Hemorrhoids are enlarged venous vessels in the rectal area and the anal canal. Veins are normally present in all individuals, but when they become enlarged, they are referred to as hemorrhoids, and can then lead to uncomfortable symptoms. Middle aged men and women are the most likely to develop hemorrhoids, and they are found in nearly five percent of the population in this group. Age, diarrhea, pregnancy, prolonged sitting, straining during bowel movements, and constipation can all lead to the development of hemorrhoids, although these risk factors are not found in all individuals with hemorrhoids.
Hemorrhoid symptoms vary, but typically include bleeding, itching, and pain. In suffers of hemorrhoids, bleeding may be painless. The stools may be coated with bright red blood, and blood may also be observed on toilet paper. The amount of blood in hemorrhoids is typically small, although in rare cases larger bleeds may occur. Individuals with bleeding upon the passage of stools should receive medical evaluation, as there are other causes of rectal bleeding in addition to hemorrhoids.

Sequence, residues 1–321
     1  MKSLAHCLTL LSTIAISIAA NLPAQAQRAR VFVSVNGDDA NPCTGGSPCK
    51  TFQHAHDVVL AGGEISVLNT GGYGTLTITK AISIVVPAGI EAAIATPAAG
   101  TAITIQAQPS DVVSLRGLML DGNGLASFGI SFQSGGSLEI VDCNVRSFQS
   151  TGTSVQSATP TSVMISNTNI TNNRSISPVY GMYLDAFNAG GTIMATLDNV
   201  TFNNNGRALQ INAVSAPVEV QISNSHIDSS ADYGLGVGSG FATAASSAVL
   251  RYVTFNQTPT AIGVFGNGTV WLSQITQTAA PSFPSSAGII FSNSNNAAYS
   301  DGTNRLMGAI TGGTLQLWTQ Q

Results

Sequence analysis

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A second common symptom, is itching. This may be associated with a mild feeling of wetness, and can be due to the leakage of stool, swelling associated with the irritation of the hemorrhoid, as well as vigorous cleaning and wiping by the sufferer, causing skin irritation.
Finally, hemorrhoids may sometimes, but not always, be painful. Sufferers may feel a lump or a protrusion from the anal area, and this protrusion is often highly sensitive to touch, because of inflammation. The pain associated with hemorrhoids may be a symptom that the hemorrhoid has “clotted off,” or thromboses.
The hemorrhoid symptoms of pain, itching, and bleeding are highly suggestive of, but not necessarily restricted to this condition. Individuals experiencing what they believe to be hemorrhoids are urged to seek further medical evaluation to rule out the presence of other conditions.